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$3m funding boost for South Australian live sector

South Australia’s live music scene has received a boost courtesy of a AUS$3 million (€1.9m) government support package.

Up to $300,000 will be available for venues and promoters, via the Live Music Support Package, along with up to $50,000 for touring artists and their local crews, if they can demonstrate a decline in income compared to pre-Covid-19 levels.

Premier Steve Marshall made the announcement as part of a $7m commitment to the arts, reports The Music Network.

“[They] have been some of the hardest hit industries by the COVID-19 pandemic and the associated restrictions that were necessary to ensure South Australians stayed safe,” he says.

“As we get closer to the reopening of our borders to interstate and international travellers, it is imperative that our arts and cultural organisations, live music venues, artists and promoters are in a position to resume operating as soon as the restrictions lift.

“The Marshall government is committed to the arts and music sector and creating and supporting as many jobs in the industry as possible – and this package shows our support.”

We are all looking forward to seeing the industry flourish again

Minister for innovation and skills David Pisoni adds: “South Australian businesses in the music and performing arts sector directly contributed more than $183 million to the local economy in 2018-19 prior to Covid-19 and we are all looking forward to seeing the industry flourish again.”

It was not all good news for the sector, however, which has been lobbying to return to full-strength in time for the December-February summer season. Music venues were left out of the state’s latest roadmap out of Covid restrictions as they were still considered “high risk”, with “density limits, mask use and bans on dancing and standing up while drinking” set to continue until the state reaches 90% vaccination.

According to the government’s vaccine rollout update, 62.5% of the country’s population are now fully vaccinated. Last month, Australia’s live industry came together to launch a pro-vaccination campaign under the banner #Vaxthenation.

Meanwhile, a recent study found that Covid-19 stripped Australia’s live entertainment industry of AUS$1.4 billion in revenue during 2020.


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Hip-hop concert cancelled over vaccine mandate

A hip-hop concert headlined by The God MC Rakim, KRS‐One and Slick Rick was cancelled by promoters due to the venue’s vaccine policy.

The Move The Crowd event, which was also set to feature special guests Chubb Rock and JJ Fad, was planned for 7 November at Detroit’s Masonic Temple in the US.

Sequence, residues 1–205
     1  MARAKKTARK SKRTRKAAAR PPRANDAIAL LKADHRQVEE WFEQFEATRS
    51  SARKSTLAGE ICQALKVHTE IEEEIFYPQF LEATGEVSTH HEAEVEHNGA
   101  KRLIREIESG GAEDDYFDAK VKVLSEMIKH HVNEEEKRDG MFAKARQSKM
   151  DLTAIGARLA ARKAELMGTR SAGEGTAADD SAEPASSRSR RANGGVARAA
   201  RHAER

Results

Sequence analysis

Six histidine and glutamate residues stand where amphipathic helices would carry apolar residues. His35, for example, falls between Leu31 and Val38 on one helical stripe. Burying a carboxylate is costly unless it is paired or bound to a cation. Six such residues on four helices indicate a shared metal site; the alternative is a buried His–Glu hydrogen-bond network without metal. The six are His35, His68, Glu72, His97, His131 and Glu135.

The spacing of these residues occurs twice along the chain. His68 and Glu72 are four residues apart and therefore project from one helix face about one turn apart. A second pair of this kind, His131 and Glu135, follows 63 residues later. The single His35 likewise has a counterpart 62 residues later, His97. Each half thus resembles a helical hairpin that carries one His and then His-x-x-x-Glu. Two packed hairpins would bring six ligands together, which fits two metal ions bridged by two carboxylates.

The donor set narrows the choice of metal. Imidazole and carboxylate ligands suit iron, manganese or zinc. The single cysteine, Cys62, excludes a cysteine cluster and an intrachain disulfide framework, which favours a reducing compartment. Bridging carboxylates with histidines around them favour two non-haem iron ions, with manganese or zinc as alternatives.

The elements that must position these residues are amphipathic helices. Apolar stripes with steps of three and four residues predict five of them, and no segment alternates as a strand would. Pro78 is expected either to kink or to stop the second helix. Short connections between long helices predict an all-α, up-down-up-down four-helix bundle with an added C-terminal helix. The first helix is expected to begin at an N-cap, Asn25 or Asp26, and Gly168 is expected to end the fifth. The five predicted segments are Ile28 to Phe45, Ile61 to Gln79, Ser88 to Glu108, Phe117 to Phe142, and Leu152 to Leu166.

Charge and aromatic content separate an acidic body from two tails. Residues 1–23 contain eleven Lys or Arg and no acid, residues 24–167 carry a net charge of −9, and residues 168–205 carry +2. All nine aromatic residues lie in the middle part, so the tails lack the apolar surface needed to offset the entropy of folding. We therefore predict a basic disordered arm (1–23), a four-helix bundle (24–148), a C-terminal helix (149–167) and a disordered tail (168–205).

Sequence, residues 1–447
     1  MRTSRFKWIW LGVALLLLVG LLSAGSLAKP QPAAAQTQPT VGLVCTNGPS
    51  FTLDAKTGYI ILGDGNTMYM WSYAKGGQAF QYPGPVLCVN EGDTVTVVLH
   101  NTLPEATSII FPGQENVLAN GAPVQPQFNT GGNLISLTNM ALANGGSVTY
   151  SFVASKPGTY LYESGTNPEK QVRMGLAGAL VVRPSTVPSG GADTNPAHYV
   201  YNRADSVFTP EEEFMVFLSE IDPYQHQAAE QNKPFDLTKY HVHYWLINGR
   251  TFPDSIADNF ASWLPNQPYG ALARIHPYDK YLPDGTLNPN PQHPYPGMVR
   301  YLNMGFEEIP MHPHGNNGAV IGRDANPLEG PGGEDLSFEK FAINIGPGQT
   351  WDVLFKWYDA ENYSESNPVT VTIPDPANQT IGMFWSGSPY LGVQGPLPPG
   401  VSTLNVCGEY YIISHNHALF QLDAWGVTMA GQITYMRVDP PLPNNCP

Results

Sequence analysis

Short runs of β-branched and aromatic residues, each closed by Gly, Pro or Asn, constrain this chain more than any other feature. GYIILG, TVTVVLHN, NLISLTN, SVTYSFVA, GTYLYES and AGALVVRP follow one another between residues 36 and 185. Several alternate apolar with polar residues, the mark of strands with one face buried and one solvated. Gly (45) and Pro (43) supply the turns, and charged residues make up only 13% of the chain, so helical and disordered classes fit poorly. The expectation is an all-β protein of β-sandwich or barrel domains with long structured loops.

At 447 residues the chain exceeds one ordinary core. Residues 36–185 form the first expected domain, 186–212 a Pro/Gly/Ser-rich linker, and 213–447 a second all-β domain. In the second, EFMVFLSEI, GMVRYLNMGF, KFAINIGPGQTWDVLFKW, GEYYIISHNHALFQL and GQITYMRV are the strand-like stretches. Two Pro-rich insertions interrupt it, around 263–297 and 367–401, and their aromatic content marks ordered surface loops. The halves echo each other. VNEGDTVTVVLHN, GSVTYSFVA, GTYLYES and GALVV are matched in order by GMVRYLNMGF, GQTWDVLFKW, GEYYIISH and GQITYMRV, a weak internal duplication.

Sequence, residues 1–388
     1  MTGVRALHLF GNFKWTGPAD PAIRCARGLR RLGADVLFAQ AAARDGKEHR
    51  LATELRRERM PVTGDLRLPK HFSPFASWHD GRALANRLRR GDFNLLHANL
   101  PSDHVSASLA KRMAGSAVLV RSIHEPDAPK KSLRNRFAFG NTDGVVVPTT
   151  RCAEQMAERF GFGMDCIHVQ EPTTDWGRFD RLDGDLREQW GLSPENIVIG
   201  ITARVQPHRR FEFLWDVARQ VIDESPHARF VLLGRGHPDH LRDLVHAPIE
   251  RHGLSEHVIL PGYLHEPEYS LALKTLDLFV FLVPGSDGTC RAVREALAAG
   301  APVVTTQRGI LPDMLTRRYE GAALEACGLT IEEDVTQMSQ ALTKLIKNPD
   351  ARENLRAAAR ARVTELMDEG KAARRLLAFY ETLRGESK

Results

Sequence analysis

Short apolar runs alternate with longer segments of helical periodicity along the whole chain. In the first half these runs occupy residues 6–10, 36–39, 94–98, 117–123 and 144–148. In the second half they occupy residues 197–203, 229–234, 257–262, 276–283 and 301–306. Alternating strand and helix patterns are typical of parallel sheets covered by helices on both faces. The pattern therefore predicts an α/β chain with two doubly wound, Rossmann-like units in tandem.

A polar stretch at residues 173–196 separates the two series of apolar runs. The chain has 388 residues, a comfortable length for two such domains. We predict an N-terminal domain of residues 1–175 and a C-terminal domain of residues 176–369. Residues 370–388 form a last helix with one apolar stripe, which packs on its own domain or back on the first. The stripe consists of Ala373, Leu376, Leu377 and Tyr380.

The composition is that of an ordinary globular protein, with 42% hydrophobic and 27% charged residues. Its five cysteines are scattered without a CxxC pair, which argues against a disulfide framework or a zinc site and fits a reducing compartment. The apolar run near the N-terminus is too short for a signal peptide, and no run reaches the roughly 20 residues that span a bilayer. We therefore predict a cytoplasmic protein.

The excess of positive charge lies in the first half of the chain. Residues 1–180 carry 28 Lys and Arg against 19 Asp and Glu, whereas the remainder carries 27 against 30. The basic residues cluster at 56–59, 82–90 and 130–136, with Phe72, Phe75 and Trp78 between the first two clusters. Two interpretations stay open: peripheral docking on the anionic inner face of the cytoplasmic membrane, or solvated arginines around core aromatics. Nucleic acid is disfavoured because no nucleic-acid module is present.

The venue is operated by AEG Presents, which requires fans in the US to be vaccinated to gain entry. However, the Detroit Metro Times reports that organisers 2D Productions & Entertainment and Big Step Entertainment have now pulled the show, citing a low vaccination rate among hip-hop fans.

“We’ve received hundreds and hundreds of texts, voicemails and comments on social media about the Masonic Temple’s vaccination mandate,” reads an email by 2D’s Derrick Kearney. “We have also found out that the majority of concert goers in that hip-hop demographic aren’t vaccinated. So the vaccination mandate with the Masonic Temple is the reason.”

The show will be moved to another venue and date.

We don’t want concerts to go away again, and this is the best way to keep that from happening

AEG Presents has implemented the vaccine mandate across all its venues, clubs and theatres since 1 October in response to the dramatic upswing in Covid-19 cases in the US.

“We have come to the conclusion that, as a market leader, it was up to us to take a real stand on vaccination status,” Jay Marciano, COO of AEG and chairman and CEO of AEG Presents, said at the time.

“Our hope is that our pro-active stance encourages people to do the right thing and get vaccinated. I think everyone can agree that we don’t want concerts to go away again, and this is the best way to keep that from happening.”

Shawn Trell, COO and general counsel, AEG Presents, added: “Certain states’ regulations may override our mandate, or a few artists may not want to immediately get on board with the plan, but we know that using our platform to take a strong position on vaccinations can make an impact.”

Country music singer Travis Tritt came into criticism last week after telling Fox News he would no longer play venues with vaccine mandates or elaborate testing requirements.


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